How Israel has rebounded from its worst recession, and what the rest of the Middle East can learn from it.The very hotels, malls, restaurants, theaters, travel agencies, car dealerships and construction sites that earlier this decade stood eerily empty while …
Data released this month by the Central Bureau of Statistics indicates that Israel’s GDP soared during the first half of the year 6.6 percent; unemployment dropped since 2002 from 10.9 to 7.5 percent; household spending on durable goods skyrocketed 36 percent; inflation stood at 1.1 percent, interest rates sank below the U.S. Federal Reserve’s level and the shekel’s dollar value swelled this decade 20 percent.
There is an economic miracle lurking behind Tel Aviv’s increasingly Manhattanesque skyline, one that has turned the Promised Land into the Land of Milk and Money, and the Jewish state into the developed world’s fastest-growing economy. How could Israel arrive here a mere five years after the worst recession in its history, and what can the rest of the Middle East learn from it?
The boom’s causes are varied. Cyclically, as the global high tech sector recovered from the so-called Nasdaq Meltdown, the technology sector that had long dominated Israeli exports rode the wave and took with it much of the economy.
Structurally, Israel launched in 2003 market reforms that shook the economy loose: Taxes were cut, public-sector hiring was capped, and an elaborate social safety net was slashed; the jobless were enticed to seek work rather than social security; almost any sellable state asset was sold, from the El Al airliner and the ZIM shipping giant to the major banks, oil refineries and telecom monopoly Bezeq; the seaports were forced to compete with one another; the pension age was raised, and the pension industry itself was snatched from the unions that had dominated and mismanaged it.
Coupled with the reform of 1985, in which Israel defeated hyperinflation by slashing defense spending, abolishing food subsidies, imposing price controls and introducing monetary discipline, this decade’s reforms clearly have contributed to the economy’s rehabilitation. Yet beyond these measures there are two overriding historic circumstances that on the face of it should have placed Israel at a disadvantage, but in fact contributed to its prosperity: minerals and immigration.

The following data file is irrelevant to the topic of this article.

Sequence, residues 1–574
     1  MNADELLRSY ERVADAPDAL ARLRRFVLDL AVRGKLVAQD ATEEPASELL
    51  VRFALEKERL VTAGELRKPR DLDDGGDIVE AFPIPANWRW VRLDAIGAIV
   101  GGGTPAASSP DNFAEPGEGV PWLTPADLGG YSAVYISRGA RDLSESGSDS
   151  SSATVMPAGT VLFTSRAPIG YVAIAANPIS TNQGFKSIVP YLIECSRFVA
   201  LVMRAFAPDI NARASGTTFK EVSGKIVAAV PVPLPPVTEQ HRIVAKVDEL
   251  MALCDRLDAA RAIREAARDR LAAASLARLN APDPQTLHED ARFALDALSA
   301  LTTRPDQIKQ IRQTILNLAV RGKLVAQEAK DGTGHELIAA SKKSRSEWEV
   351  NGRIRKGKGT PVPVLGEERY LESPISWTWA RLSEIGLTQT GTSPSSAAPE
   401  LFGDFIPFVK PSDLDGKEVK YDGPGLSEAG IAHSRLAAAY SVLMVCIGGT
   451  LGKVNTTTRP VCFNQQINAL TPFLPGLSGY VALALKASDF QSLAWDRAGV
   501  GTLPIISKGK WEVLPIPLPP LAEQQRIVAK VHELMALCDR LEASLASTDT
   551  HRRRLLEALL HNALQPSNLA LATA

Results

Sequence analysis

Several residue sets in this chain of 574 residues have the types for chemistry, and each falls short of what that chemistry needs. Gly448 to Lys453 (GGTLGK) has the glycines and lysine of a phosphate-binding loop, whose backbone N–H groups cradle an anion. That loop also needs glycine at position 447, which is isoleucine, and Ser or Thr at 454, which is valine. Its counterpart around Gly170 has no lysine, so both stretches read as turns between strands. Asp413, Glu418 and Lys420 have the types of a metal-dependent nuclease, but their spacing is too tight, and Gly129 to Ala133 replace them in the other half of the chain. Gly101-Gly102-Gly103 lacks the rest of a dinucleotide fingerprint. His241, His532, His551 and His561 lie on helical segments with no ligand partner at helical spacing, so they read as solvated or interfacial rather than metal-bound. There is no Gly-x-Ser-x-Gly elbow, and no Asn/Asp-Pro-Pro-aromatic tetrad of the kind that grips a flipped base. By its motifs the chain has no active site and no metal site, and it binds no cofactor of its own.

When Israel was established, its leaders’ wildest economic dream was that some day, like their neighbors, they, too, would find oil. Yet Israel never found commercial quantities of oil, or for that matter of any commodity, from gold and silver to lead and zinc. Heck, it didn’t even have timber or water, and that’s besides having been largely besieged and hopelessly minuscule. Meanwhile, the fledgling state was compelled to absorb thousands of immigrants, many unskilled and almost all destitute.
As it turned out, Israel’s lack of natural resources, like Japan’s, was a blessing, as it forced it to seek wealth in human brains rather than natural resources. Eventually, reality proved the former more economically reliable than the latter. A byproduct of this attitude was the realization that immigrants can be assets rather than liabilities.
Israel’s current prosperity was also preceded by an immigration wave, in fact the largest in its history.
The arrival between 1989 and 2000 of 1 million immigrants was the equivalent of more than 50 million newcomers landing in the U.S. within a decade. Fortunately for Israel, by the time it faced this challenge it had the wisdom to allow the markets to create the jobs, housing and education this population deserved.
The bottom line of all this is that there are ways to thrive in the Middle East, even without oil. For now, Arab governments – whose collective economic performance is the world’s worst, after sub-Saharan Africa – treat immigrants as liabilities, social mobility as a strategic threat and minerals as eternal money spinners.
That is why a country such as Syria has pretty much no contingency plan for the moment its oil dries up, which is imminent. That is why the gulf region’s underpopulated states turn back immigrants from overpopulated Egypt, despite their being fellow Sunni Arabs.
That is also why they don’t even allow their own poor to rise socially, preferring instead to hire imported Asians as their hewers of wood and drawers of water.
To change any of this, it would help if objective parties, such as the European Union and United Nations, would tell Arab governments that their economic condition is self-inflicted, treatable, and in fact may hold promise; all they need to do is look at Israel a little less emotionally, and learn from its efforts and their results.
(Originally appeared in the Seattle Post-Intelligencer)